Jill Stanek’s blog featured some Aggie News, relating equine behavioral and biological phenomena to the abortion issue. Pharmer, being Pharmer, can’t pass up such hot issues as animal husbandry (that’s breeding livestock …ok.)
It’s been noticed that bringing in outside male zebras to prevent inbreeding at zoos has resulted in an extremely high miscarriage (abortion) rate among the mares. Horses share this difficulty, as do other animals such as some rodents. In the presence of the males from the home location, the mares which have been bred by outsiders will often lose their offspring. Some of the mares will copulate with the home males, and if unable to do so will be more likely to abort. It is surmised that this is a biological adaptation to the fact that the male equines will very often kill the offspring which resulted from relations with outside males. It is believed to result in a conservation of energy and resources for the mare to lose the offspring before birth rather than go through the effort of delivering a foal which will be killed anyway.
In one of the fluffy news pieces describing the phenomenon among horses, it was suggested that the mares could actually will the loss of the pregnancy if the circumstances regarding the presence of non parental males were untoward. Pharmer supposes that this notion is no more crazy than man-made global warming.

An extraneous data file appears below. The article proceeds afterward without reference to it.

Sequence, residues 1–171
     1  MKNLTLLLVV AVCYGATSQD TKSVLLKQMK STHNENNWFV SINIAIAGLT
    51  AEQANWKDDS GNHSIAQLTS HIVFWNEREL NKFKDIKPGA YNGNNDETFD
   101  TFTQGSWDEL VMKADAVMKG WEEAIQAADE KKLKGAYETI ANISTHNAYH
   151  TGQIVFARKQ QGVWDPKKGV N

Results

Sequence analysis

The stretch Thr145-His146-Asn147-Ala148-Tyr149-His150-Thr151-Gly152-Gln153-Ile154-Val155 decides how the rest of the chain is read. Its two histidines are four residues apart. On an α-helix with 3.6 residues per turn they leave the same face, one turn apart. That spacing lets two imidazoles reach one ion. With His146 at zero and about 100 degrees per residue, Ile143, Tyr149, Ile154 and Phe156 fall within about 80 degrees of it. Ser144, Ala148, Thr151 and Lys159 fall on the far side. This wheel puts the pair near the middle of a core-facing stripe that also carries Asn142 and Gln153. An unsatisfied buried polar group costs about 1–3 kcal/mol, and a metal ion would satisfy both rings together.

In a somewhat related phenomenon, the smell of urine from newly introduced males who did not breed with the female mouse will elicit failure of implantation, but does not cause loss after that stage. This is referred to as the Bruce effect, in which production of a functional corpus luteum is prevented. This effect is abated by the presence of familiar males, even if they did not breed with the female mouse. The Bruce effect is not seen in rats, and is a good deal different than what is being observed in horses.